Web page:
|No such thing as a small change|
Pass by reference vs globalsby tilly (Archbishop)
|on Mar 20, 2001 at 02:41 UTC||Need Help??|
The claim about changing things by reference being similar to globals is one I understand but only halfway agree on. What is similar is action at a distance. However while globals by definition create that, modifying by reference can either increase or decrease.
Remember that the goal of programming well is to do the job, within your set constraints, while maximizing the maintainability of the code. From the point of view of getting something simple done, globals are always easiest. However they also open you to global side-effects, which increases the amount the programmer needs to keep in mind. In general if you have n sections of code, any of which can interact with any other, that is order n*n interactions to keep in mind. Which is bad.
However many people hear this and say, Oh, I won't use globals. But I will use a reference to something that I pass around everywhere and set and change as I need. Voila! No more globals!
But while you have removed the label, you have not changed the problem very much. The data is still being shared everywhere, it is just being shared by a different mechanism. You still have action at a distance. You still have the maintainability issue.
This is the sense in which I agree with dkubb's criticism.
However I only halfway agree. As a counter example in object oriented programming you everywhere pass around a reference to something, and you can modify it by reference anywhere. Yet good programmers who avoid globals are quite willing to use OO programming. What is different?
The difference is that OO puts the code that requests from the data structure together with the code that places it. Therefore all of the information about mechanics, internal counters, etc is encapsulated in a relatively small section of code. While requests may come from many places for many reasons, the mechanics of how to do it no longer suffer as much from action at a distance.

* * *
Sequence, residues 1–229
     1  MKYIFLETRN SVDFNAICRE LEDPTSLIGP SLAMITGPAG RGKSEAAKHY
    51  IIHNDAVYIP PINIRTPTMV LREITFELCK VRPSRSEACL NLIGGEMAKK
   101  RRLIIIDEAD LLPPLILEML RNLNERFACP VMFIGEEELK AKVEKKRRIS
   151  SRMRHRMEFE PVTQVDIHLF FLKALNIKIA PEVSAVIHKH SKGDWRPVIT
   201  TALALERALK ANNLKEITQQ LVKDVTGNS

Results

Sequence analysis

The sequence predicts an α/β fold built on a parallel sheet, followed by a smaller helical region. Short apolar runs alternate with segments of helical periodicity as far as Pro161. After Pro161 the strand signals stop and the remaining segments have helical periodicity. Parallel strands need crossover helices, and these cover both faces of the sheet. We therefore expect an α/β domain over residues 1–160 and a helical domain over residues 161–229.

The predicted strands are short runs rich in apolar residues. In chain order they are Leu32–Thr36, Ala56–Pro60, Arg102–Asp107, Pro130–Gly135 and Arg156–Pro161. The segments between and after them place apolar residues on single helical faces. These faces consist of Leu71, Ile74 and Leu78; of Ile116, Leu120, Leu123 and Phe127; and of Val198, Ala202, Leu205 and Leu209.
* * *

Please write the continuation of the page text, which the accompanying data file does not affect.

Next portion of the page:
Now in practice that might not be true. And certainly it takes experience to produce good OO designs. But that is the principle.
But I should qualify all of this with one observation. Perl as a language has a ton of global variables. Good programmers avoid them. However, despite having a ton of globals, Perl is a rather effective language. How does that work?
IMHO what is going on is simple. The maintainance problem that globals cause is due to the increase in how much you need to keep in mind. Globals are almost always useful in terms of getting things working, but they bite you down the road. Therefore there is a balance between the theoretical evil and the practical utility. Every global is another thing to be constantly kept in mind, and only applies when working on that code. Therefore the cost of learning Perl's globals can be amortized across many programs. While the cost of keeping a global in your scripts can only be amortized across that script. So the tradeoff comes at a different point.
Even so I find that for me, Perl has gone too far. Most of the special variables in perlvar I do not use. My brain is too small to keep them in mind. At least they have names that cannot be confused with regular variables, so if someone else uses one I can look it up. But I don't use them. I prefer to use that mental energy for general principles, known bugs, and remembering my grocery list. :-)